To determine how much money that can be lent to you, the lender will need certain information, such as:
• Recent payslips
• Your last P60 tax certificate
• Details of all regular outgoing payments
• Trading accounts for the previous three years if you are self-employed
Your credit history is a factor, as is whether you are applying on your own or making a joint mortgage application.
Typically, you will be able to borrow somewhere between three and four times your gross annual salary (staff bonuses and other income may also be taken into consideration.) It is worth noting that the upper limit of available mortgage amount will only to those with a fantastic credit history and a proven track record of financial responsibility.
Additionally, interest rates do change, as does your personal circumstances and what you can afford to repay now may not be what you can afford in a year’s time so you may want to give that some thought.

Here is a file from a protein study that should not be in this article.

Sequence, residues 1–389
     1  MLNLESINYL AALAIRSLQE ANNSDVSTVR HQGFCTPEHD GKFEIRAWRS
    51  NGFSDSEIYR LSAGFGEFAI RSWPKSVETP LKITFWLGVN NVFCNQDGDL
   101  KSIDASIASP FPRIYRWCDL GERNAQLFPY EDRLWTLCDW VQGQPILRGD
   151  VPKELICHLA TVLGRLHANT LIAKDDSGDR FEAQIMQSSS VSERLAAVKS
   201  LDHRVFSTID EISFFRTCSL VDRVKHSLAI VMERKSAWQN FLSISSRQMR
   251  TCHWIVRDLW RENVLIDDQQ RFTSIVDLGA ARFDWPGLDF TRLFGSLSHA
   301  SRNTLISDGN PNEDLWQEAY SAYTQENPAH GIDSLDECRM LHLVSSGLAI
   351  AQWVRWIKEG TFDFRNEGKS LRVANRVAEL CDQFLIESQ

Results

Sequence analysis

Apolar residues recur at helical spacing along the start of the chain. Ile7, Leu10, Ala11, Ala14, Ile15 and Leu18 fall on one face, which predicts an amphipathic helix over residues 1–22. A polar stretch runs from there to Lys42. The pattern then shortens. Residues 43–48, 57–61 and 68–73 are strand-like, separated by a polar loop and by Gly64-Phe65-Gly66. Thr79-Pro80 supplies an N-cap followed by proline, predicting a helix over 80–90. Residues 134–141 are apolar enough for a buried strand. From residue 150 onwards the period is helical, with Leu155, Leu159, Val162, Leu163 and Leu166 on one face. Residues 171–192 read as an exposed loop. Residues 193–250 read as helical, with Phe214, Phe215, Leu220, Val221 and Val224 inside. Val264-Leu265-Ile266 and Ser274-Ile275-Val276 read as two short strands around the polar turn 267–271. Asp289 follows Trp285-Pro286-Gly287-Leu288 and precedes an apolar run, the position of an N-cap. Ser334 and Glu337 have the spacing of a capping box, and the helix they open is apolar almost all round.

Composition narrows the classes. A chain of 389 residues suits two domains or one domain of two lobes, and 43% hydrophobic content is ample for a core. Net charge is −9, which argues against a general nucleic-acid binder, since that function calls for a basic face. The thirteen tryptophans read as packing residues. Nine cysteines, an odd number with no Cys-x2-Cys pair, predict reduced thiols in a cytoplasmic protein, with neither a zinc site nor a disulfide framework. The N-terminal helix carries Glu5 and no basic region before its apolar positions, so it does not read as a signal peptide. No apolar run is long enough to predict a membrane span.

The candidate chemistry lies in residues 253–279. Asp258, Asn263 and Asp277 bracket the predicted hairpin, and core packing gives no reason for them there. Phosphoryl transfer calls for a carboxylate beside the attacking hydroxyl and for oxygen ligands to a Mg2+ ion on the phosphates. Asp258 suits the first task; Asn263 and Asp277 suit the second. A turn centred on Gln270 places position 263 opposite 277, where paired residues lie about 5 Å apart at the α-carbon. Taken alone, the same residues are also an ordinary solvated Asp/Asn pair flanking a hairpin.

The Two Basic Types of Mortgage
There are essentially two ways to repay the money that you are borrowing (formally known as the capital): Repayment Mortgages (capital and interest) and Interest-only mortgages.
The only way to guarantee that you own your property at the end of the mortgage term is to have a repayment mortgage! Every time you make a monthly payment on a repayment mortgage, you reduce both the loan and the interest until the debt is completely paid off.
Negatives: For the first few years you’ll mostly repay interest. This means that if you transfer to a new mortgage in the first few years, it is unlikely that you will have paid off much of the capital.
Positives: As the years pass, you’ll begin to notice that your monthly payments are making a difference to the capital debt and your mortgage will slowly shrink. Additionally, many lenders now allow you to make overpayments or lump sum payments which may help shorten the term of your mortgage or lower your monthly repayment
With an interest-only mortgage, your monthly payments cover just the interest on the loan for the term of the mortgage, for example; during a term of 20 years, if you borrow £150,000 in 2013 you will still owe £150,000 in 2033.